Swords from Celtic mythology: Claíomh Solais (Sword of Light)


The Sword of Light (Irish: Claíomh Solais, Claidheamh Soluis (Irish pronunciation: [klˠiːvˠ ˈsˠɔl̪ˠəʃ]; Old Irish: claidheamh soluis) is a trope object that appears in a number of Irish and Scottish Gaelic folktales. The “Quest for sword of light” formula is catalogued as motif H1337.

The sword appears commonly as a quest object in the Irish folktale of a hero seeking “The One Story” (or the “Cause of the one story about women”), which culiminates in the discovery of a “Tale of the Werewolf” (a man magically turned wolf by an unfaithful wife). However, the sword is uninvolved in the man-wolf portion, and only figures in the hero-adventure frame story.

The sword of light, according to a different commentator, is a fixture of an Irish tale group describable as a quasi-bridal-quest. This characterization is inspired by the formula where the hero gains a beautiful wife (and riches) by gambling against a gruagach or wizard, but then suffers loses making him beholden to mount a hopeless-seeming quest. Like the actual “giant’s daughter” bridal quest tales, the sword of light hero often gains the assistance of “helpful animals” help him complete his tasks or ordeals.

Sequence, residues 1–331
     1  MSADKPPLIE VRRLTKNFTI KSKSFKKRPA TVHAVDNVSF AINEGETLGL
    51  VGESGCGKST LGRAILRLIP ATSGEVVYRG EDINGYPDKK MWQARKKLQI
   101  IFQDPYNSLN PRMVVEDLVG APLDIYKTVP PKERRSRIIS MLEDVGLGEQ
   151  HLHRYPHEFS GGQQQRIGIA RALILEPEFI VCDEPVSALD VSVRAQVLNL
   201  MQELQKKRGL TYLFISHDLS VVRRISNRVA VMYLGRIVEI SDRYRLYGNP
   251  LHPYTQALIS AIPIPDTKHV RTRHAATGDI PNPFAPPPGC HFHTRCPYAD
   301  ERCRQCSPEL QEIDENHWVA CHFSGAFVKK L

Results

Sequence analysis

The sword has been regarded as a legacy to the god-slaying weapons of Irish mythology by certain scholars, such as T. F. O’Rahilly, the analogues being the primeval Celtic deity’s lightning-weapon, Lugh’s sling that felled Balor, the hero Cúchulainn’s supernatural spear Gae bulga and his shining sword Cruaidín Catutchenn.

Forms

The spelling as appears in published Irish text and scholastic commentary is Claidheamh Soluis alternatively (an) cloidheamh solais; but these are pre-reform spelling, and in modernized reformed spelling Claíomh Solais would be used. The name has also been transliterated into Hiberno-English as chloive solais. The sword may be rendered in English as the “Sword of Light”, or “Shining Sword”.

Overview

The folk tales featuring the sword of light may be bridal quests, and the hero’s would-be bride often becomes the hero’s helper.